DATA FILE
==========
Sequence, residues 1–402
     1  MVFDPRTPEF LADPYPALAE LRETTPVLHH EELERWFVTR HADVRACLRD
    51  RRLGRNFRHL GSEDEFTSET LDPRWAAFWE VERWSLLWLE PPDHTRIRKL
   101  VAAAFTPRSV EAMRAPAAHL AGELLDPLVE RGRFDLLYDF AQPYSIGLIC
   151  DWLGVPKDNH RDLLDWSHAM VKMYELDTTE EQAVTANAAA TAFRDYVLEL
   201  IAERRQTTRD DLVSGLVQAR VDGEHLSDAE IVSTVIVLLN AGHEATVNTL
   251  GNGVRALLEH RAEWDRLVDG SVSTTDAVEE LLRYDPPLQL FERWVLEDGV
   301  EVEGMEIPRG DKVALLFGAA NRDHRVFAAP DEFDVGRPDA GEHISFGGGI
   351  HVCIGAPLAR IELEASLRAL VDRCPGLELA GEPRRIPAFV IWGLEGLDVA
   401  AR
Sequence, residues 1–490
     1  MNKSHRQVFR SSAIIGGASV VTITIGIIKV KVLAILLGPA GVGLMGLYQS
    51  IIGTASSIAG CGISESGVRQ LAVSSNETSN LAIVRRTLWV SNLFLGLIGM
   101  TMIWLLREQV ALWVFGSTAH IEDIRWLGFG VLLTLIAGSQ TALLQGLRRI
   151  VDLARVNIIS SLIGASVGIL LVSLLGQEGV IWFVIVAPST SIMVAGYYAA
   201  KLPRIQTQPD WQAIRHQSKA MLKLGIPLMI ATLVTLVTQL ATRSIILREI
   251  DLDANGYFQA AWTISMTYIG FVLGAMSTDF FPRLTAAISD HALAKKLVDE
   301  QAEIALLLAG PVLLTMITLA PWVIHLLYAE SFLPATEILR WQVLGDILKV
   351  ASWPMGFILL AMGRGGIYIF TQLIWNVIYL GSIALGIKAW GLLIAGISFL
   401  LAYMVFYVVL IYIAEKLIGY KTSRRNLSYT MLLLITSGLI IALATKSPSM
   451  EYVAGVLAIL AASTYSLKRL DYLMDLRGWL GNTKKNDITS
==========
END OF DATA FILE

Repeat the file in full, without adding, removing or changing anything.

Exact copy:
Sequence, residues 1–402
     1  MVFDPRTPEF LADPYPALAE LRETTPVLHH EELERWFVTR HADVRACLRD
    51  RRLGRNFRHL GSEDEFTSET LDPRWAAFWE VERWSLLWLE PPDHTRIRKL
   101  VAAAFTPRSV EAMRAPAAHL AGELLDPLVE RGRFDLLYDF AQPYSIGLIC
   151  DWLGVPKDNH RDLLDWSHAM VKMYELDTTE EQAVTANAAA TAFRDYVLEL
   201  IAERRQTTRD DLVSGLVQAR VDGEHLSDAE IVSTVIVLLN AGHEATVNTL
   251  GNGVRALLEH RAEWDRLVDG SVSTTDAVEE LLRYDPPLQL FERWVLEDGV
   301  EVEGMEIPRG DKVALLFGAA NRDHRVFAAP DEFDVGRPDA GEHISFGGGI
   351  HVCIGAPLAR IELEASLRAL VDRCPGLELA GEPRRIPAFV IWGLEGLDVA
   401  AR
Sequence, residues 1–490
     1  MNKSHRQVFR SSAIIGGASV VTITIGIIKV KVLAILLGPA GVGLMGLYQS
    51  IIGTASSIAG CGISESGVRQ LAVSSNETSN LAIVRRTLWV SNLFLGLIGM
   101  TMIWLLREQV ALWVFGSTAH IEDIRWLGFG VLLTLIAGSQ TALLQGLRRI
   151  VDLARVNIIS SLIGASVGIL LVSLLGQEGV IWFVIVAPST SIMVAGYYAA
   201  KLPRIQTQPD WQAIRHQSKA MLKLGIPLMI ATLVTLVTQL ATRSIILREI
   251  DLDANGYFQA AWTISMTYIG FVLGAMSTDF FPRLTAAISD HALAKKLVDE
   301  QAEIALLLAG PVLLTMITLA PWVIHLLYAE SFLPATEILR WQVLGDILKV
   351  ASWPMGFILL AMGRGGIYIF TQLIWNVIYL GSIALGIKAW GLLIAGISFL
   401  LAYMVFYVVL IYIAEKLIGY KTSRRNLSYT MLLLITSGLI IALATKSPSM
   451  EYVAGVLAIL AASTYSLKRL DYLMDLRGWL GNTKKNDITS